WELDON SPRINGS, Mo. – During the solar eclipse Monday, you may have noticed that as the eclipse reached its peak, it got kind of chilly.

There were shifts in the wind, a drop in temperature and a rise in humidity.

“It’s actually fairly common, and there are several sites. If you go through some of the data across the entire region, all the way from Texas up to the upper Midwest, when that shadow or blockage of the sun’s solar insulation or that energy is blocked, it’s almost just like a cloud, a thick cloud at that,” Jared Maples from the National Weather Service said. “That heating of the surface of the Earth no longer happens, so once you stop that heating, you’re stopping that source of the heat as well, so temperatures suddenly drop.”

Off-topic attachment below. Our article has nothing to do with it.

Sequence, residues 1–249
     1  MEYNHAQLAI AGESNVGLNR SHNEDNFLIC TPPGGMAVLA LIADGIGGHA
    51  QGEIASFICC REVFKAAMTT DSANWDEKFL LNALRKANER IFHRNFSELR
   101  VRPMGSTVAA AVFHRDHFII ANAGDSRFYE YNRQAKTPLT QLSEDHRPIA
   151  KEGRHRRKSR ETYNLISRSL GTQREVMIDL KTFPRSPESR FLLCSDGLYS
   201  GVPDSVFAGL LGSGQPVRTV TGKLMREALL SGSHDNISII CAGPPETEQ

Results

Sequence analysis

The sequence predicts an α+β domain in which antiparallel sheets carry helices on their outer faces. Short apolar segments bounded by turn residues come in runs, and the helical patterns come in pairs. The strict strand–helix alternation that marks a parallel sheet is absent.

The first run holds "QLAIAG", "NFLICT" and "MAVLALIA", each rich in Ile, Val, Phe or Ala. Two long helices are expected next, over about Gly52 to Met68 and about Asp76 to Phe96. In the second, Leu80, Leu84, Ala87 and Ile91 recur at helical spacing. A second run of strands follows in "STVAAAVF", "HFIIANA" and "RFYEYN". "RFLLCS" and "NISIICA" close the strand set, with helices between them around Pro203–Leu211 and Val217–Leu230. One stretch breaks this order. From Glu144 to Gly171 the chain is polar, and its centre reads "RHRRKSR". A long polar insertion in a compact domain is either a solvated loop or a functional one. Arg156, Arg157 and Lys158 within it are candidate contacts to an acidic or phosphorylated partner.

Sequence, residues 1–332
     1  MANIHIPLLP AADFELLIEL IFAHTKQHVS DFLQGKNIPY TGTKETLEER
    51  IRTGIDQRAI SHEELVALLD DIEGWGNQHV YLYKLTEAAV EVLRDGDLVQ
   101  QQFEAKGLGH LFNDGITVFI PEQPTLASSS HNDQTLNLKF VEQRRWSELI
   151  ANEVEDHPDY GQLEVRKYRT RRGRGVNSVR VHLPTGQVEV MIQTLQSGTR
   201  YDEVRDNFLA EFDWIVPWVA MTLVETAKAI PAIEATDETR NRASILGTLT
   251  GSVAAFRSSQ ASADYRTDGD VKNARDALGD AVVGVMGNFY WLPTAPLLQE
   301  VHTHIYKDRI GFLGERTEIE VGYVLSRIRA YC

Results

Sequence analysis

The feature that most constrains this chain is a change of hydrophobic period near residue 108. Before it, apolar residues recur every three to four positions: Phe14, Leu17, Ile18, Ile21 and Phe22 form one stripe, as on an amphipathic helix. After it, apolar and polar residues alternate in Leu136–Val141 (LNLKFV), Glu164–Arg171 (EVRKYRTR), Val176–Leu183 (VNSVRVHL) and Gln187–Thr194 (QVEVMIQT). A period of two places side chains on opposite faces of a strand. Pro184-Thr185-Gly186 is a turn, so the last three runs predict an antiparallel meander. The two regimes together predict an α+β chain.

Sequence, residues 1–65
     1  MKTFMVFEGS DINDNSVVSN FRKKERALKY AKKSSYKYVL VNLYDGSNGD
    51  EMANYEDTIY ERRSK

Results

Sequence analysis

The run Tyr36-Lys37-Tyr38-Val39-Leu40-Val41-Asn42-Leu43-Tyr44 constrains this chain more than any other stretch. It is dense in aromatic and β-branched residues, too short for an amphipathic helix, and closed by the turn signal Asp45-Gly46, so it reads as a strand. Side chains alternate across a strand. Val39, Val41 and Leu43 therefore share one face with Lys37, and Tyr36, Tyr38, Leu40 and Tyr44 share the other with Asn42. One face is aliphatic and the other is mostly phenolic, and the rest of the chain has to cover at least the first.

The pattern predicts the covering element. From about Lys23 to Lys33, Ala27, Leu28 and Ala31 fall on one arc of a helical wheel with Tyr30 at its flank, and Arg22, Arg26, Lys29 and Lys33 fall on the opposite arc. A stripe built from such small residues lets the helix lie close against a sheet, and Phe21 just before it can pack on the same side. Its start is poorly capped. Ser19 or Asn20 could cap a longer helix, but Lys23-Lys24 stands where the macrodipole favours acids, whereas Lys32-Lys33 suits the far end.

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The effect is comparable to how shaded areas feel cooler than those in direct sunlight, and that’s exactly what we experienced.

During the totality peak, some temperatures dropped roughly 6 to 10 F.

As well as this, winds shifted and humidity increased.

“Those higher winds are caused by some of the energy of the sun that is hitting the surface. Once you cut all of that out and you lower those temperatures, you’re not getting the mixing you once were with some of the warming temperatures,” Maples said. “So yeah, you do observe a drop in the winds.”